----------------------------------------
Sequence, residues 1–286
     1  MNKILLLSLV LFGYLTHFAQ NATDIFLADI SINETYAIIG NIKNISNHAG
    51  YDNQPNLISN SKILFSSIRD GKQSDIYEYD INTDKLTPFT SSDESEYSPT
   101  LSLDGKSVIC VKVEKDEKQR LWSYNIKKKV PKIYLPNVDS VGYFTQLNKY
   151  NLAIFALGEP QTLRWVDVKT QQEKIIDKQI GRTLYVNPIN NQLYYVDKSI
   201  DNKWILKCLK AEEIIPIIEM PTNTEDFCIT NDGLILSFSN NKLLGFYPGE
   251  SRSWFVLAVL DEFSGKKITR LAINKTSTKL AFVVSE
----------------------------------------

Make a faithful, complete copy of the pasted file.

Sequence, residues 1–286
     1  MNKILLLSLV LFGYLTHFAQ NATDIFLADI SINETYAIIG NIKNISNHAG
    51  YDNQPNLISN SKILFSSIRD GKQSDIYEYD INTDKLTPFT SSDESEYSPT
   101  LSLDGKSVIC VKVEKDEKQR LWSYNIKKKV PKIYLPNVDS VGYFTQLNKY
   151  NLAIFALGEP QTLRWVDVKT QQEKIIDKQI GRTLYVNPIN NQLYYVDKSI
   201  DNKWILKCLK AEEIIPIIEM PTNTEDFCIT NDGLILSFSN NKLLGFYPGE
   251  SRSWFVLAVL DEFSGKKITR LAINKTSTKL AFVVSE